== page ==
Photo of Marquess Wilson
Drafted By: Bears

Combine Results

67.3 ?
  • 4.51 SEC
    Top Performer
  • 7 REPS
    Top Performer
  • 34.5 INCH
    Top Performer
  • 122.0 INCH
    Top Performer
  • 6.65 SEC
    Top Performer
  • 4.33 SEC
    Top Performer
Blue Star  =  Combine Top Performer

Draft Analysis:

"The tall receiver with 4.5 speed caught 82 passes in 2011, but burned a lot of bridges at Washington State with his premature -- and controversial -- exit from the program during last season." -- Gil Brandt

  • 6'3" Height
  • 31 1/8" Arm Length
  • 194LBS. Weight
  • 9 1/4" Hands


Wilson’s production during his time in Pullman was among the best in the West over the past couple of seasons, but his career will be defined by how it ended. Despite leading the team in receptions (52) and receiving yards (813) with five touchdowns in nine games, he was indefinitely suspended by the program for the ubiquitous “violation of team rules," reportedly after walking out of a physical conditioning session. His comments about the situation were not flattering towards the Cougars’ new head coach, Mike Leach; Wilson accused Leach and the coaching staff of belittling, intimidating, and humiliating players throughout the season. Now NFL teams must sort out whether these actions reflect poorly on Leach’s staff or Wilson’s maturity.

Wilson was a football and track star in Tulare, Calif., earning accolades at receiver (1,083 yards and 22 touchdowns on 50 catches as a senior) and defensive back on the gridiron while winning conference championships in the high, long and triple jumps. He took on a major role during his true freshman year in the Palouse, playing in all 12 games, starting eight and leading the team with 1,006 receiving yards (55 catches, six TD) on his way to honorable mention All-Pac-10 notice and Freshman All-American honors from multiple outlets. Wilson was even more production as a sophomore, earning second-team all-conference honors and the Cougars’ Offensive Most Valuable Player award by starting all 12 games and setting WSU single-season records with 83 grabs for 1,388 yards (he led the Pac-12 in yards per game), along with scoring 12 times during the season.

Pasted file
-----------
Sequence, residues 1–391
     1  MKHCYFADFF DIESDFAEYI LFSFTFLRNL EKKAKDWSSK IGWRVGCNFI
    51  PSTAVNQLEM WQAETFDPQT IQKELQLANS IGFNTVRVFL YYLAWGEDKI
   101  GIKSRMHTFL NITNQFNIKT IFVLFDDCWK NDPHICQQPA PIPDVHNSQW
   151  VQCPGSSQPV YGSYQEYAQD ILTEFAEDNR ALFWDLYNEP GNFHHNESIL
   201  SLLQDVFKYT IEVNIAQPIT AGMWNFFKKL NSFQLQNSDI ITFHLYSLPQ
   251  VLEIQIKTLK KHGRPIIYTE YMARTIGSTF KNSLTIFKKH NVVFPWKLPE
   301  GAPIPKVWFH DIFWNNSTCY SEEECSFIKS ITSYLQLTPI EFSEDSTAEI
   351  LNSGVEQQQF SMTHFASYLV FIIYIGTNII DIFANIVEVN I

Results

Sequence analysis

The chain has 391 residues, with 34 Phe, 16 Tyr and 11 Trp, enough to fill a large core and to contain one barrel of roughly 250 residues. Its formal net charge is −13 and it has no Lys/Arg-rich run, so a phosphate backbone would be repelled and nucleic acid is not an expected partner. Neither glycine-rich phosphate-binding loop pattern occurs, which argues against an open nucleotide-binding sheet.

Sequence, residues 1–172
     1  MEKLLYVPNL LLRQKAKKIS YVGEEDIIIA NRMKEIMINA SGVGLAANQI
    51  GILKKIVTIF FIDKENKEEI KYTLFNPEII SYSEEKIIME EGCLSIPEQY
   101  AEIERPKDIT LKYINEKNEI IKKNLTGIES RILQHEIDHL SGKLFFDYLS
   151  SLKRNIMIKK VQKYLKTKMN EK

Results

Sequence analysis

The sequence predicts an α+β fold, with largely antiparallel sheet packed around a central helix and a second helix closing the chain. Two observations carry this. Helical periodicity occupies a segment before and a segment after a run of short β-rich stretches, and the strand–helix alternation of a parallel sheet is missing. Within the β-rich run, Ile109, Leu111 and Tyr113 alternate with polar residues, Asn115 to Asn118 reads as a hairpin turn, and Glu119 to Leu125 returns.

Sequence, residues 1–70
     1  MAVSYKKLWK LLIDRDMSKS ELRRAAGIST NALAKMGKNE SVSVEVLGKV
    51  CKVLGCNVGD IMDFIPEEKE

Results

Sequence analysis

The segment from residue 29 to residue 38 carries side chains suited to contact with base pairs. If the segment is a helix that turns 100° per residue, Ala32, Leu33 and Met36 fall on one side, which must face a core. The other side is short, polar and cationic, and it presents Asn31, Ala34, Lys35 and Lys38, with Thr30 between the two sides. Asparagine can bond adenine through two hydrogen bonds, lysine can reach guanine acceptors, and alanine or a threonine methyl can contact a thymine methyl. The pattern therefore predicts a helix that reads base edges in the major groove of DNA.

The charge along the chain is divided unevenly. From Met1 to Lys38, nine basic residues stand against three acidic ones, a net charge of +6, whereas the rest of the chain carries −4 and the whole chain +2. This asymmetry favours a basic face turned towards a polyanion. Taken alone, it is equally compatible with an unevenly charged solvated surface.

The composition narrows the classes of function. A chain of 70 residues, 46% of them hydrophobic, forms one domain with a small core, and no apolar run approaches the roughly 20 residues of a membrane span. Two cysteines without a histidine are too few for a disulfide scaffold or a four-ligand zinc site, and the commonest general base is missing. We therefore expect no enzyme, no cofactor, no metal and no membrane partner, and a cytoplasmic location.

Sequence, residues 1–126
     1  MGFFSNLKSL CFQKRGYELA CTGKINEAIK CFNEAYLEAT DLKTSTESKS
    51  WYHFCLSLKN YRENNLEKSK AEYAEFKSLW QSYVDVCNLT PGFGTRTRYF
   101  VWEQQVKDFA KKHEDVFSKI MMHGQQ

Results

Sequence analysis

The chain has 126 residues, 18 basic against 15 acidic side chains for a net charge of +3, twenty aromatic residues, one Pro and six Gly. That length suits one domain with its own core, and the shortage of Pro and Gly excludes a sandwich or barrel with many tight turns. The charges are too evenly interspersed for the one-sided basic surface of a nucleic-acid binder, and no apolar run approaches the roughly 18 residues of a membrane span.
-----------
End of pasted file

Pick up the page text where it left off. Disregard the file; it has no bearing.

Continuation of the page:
Tall strider presenting a difficult ask down the sideline for shorter defensive backs. If able to escape the jam or come off the line untouched, he covers a lot of ground in a hurry. His height and vertical jump makes him a nightmare on jump balls anywhere on the field, and he can contort his body to adjust to passes in the air. Makes catches over either shoulder down the sideline and can stay in-bounds. Drops his hips, has quick enough feet and a solid head-fake to separate at the top of the route, as well as to pull off double-moves downfield and to the sideline. Tries to run through tackles by lowering his pads and churning his feet after the catch and has a bit of open-field elusiveness, though he will run backwards and dance too much instead of taking what he can get. Will find a soft spot in the zone if his quarterback is on the run. Flashes an effective use of his length, and a bit of attitude, to take smaller defenders out in the run game.


Lanky receiver, especially thin in the lower body. Will struggle with the physicality of NFL defenders off the line, when trying to get into his route, and downfield in 50/50 situations. Does not consistently use his hands to win or hold onto the ball when being hit or even feeling the hit coming. Hands reliably is severely lacking, misses on all difficulty of catches due to a lack of concentration. Doesn’t adjust to low passes as well as he does high ones. Lateral quickness against press is only average, takes time to accelerate into his route if challenged at all. Lacks technique as a blocker, when he makes the effort to reach his target, tries to overwhelm corners but fails to move his feet or maintain the angle to prevent them from entering the play.

NFL Comparison

Jon Baldwin

Bottom Line

Wilson’s exit from Washington State was not exactly ideal, as he was suspended for violating team rules and then ripped Mike Leach and his coaching staff on his way out the door. The 6-foot-4, 185-pound receiver certainly flashed playmaking ability during his two-plus seasons in Pullman, especially in a second-team all-conference sophomore year (83-1,388, 12 touchdowns) where he flashes downfield playmaking ability using his height and excellent leaping ability. If teams believe he can improve the consistency of his hands and mature physically and mentally at the next level, he could be picked in the middle rounds and contribute immedately, similarly to how Mike Williams did for Tampa Bay in 2010.
Grade Title Draft (Round) Description
96-100 Future Hall of Famer Top Pick A once-in-a-generation type prospect who could change how his position is played
85-95 Immediate Starter 1st An impact player with the ability/intangibles to become a Pro Bowl player. Expect to start immediately except in a unique situation (i.e. behind a veteran starter).
70-84 Eventual Starter 2nd-3rd A quality player who will contribute to the team early on and is expected to develop into a starter. A reliable player who brings value to the position.
50-69 Draftable Player 4th-7th A prospect with the ability to make team as a backup/role player. Needs to be a special teams contributor at applicable positions. Players in the high range of this category might have long-term potential.
20-49 Free Agent UDFA A player with solid measurables, intangibles, college achievements, or a developing skill that warrants an opportunity in an NFL camp. In the right situation, he could earn a place on a 53-man roster, but most likely will be a practice squad player or a camp body.